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Social investment tax relief (SITR)

Quick facts

Social investment tax relief (SITR) is a government scheme that incentivises private investment in social enterprises (i.e. businesses that generate a positive social impact). The rules for both investor and social enterprise are similar to those for Enterprise Investment Scheme (EIS).

The government introduced Social investment tax relief (SITR) in 2014. At the time, private individuals investing risk capital into early-stage mainstream businesses were already benefiting from the EIS and SEIS schemes, so SITR was seen as a way of levelling the playing field for social enterprises. The government defines social enterprises for SITR purposes as:

  • community interest companies
  • registered charities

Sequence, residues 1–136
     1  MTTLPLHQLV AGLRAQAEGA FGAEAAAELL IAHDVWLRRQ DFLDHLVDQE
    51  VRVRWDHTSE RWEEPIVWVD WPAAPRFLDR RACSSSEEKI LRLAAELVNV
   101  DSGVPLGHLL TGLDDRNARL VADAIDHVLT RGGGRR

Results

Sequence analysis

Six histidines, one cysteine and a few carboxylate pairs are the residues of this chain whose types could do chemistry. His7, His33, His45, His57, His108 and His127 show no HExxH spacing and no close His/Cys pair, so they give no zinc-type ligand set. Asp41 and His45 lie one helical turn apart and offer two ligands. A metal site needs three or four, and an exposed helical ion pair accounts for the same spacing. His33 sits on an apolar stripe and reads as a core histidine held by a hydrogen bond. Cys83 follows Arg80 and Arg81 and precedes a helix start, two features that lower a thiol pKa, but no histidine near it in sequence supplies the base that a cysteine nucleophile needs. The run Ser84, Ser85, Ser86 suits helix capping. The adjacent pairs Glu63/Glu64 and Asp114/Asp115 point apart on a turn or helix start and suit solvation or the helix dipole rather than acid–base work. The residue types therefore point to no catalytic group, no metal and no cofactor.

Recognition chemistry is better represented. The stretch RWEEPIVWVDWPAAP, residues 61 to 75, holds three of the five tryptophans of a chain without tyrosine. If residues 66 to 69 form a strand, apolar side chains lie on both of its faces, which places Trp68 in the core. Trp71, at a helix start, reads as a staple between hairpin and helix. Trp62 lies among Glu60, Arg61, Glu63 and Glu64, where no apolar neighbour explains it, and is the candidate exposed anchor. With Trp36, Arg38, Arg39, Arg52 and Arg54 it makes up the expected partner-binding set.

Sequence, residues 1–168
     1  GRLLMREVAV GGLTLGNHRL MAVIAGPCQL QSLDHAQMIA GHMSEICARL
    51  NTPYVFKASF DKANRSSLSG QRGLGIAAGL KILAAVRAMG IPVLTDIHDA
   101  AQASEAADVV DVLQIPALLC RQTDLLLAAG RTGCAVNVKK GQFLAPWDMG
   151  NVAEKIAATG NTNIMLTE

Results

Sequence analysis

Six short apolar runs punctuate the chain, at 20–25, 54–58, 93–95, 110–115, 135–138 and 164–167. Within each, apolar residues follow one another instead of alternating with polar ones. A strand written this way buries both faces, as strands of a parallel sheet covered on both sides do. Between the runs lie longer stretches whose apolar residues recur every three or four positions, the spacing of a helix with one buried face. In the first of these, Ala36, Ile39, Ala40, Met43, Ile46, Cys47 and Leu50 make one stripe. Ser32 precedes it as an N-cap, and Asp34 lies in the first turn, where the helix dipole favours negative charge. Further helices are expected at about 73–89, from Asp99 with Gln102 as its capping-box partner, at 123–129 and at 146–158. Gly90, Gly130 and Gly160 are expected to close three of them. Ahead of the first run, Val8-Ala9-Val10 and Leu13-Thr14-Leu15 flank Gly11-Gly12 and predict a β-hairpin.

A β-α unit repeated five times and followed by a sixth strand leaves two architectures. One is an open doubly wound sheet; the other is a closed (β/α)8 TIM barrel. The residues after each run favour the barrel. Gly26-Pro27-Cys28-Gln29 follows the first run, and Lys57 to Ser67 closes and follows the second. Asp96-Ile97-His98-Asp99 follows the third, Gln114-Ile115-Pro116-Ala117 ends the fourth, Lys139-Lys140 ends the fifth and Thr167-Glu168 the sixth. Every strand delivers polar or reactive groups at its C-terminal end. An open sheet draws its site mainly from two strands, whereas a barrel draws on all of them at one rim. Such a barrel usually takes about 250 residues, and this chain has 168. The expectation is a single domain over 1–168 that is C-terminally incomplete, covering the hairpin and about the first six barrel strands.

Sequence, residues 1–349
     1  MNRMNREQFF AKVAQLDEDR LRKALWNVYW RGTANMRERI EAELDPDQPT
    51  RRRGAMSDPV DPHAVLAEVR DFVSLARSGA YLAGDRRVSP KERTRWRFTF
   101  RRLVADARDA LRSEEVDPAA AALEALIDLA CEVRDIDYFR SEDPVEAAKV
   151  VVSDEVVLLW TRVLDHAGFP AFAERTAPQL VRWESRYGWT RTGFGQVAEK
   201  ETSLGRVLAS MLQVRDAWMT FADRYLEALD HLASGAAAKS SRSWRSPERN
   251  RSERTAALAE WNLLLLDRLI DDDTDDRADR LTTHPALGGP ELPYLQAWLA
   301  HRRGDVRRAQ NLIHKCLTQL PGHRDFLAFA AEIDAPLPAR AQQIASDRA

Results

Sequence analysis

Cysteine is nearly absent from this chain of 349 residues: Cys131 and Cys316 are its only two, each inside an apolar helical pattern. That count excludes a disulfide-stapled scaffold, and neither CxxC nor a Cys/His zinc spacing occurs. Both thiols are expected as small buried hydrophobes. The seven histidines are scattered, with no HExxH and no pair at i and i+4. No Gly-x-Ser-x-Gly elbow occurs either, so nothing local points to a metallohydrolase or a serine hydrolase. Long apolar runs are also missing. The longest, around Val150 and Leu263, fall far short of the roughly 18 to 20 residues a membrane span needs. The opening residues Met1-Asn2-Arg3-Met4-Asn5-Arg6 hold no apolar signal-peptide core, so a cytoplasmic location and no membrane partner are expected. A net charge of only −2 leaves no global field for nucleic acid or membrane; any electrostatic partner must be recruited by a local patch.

• community benefit societies.

In line with the eligibility rules for EIS, your business might be eligible for a SITR investment (along with advice and support) if:

  • you will use money for a ‘qualifying trade’
  • you have no more than £15m in gross assets
  • you have no more than 250 employees.

The maximum amount of investment allowed the lifetime of your enterprise is £1.5m. Any investments under SITR will also count towards limits on further investments through government venture capital schemes (i.e. EIS, SEIS and VCT).

The tax reliefs for individual investors are similar to those available via the Enterprise Investment Scheme (EIS) and include income tax relief (30% of the value of the investment up to £1m total investment per tax year.

You can find more information on the HMRC website under SITR.

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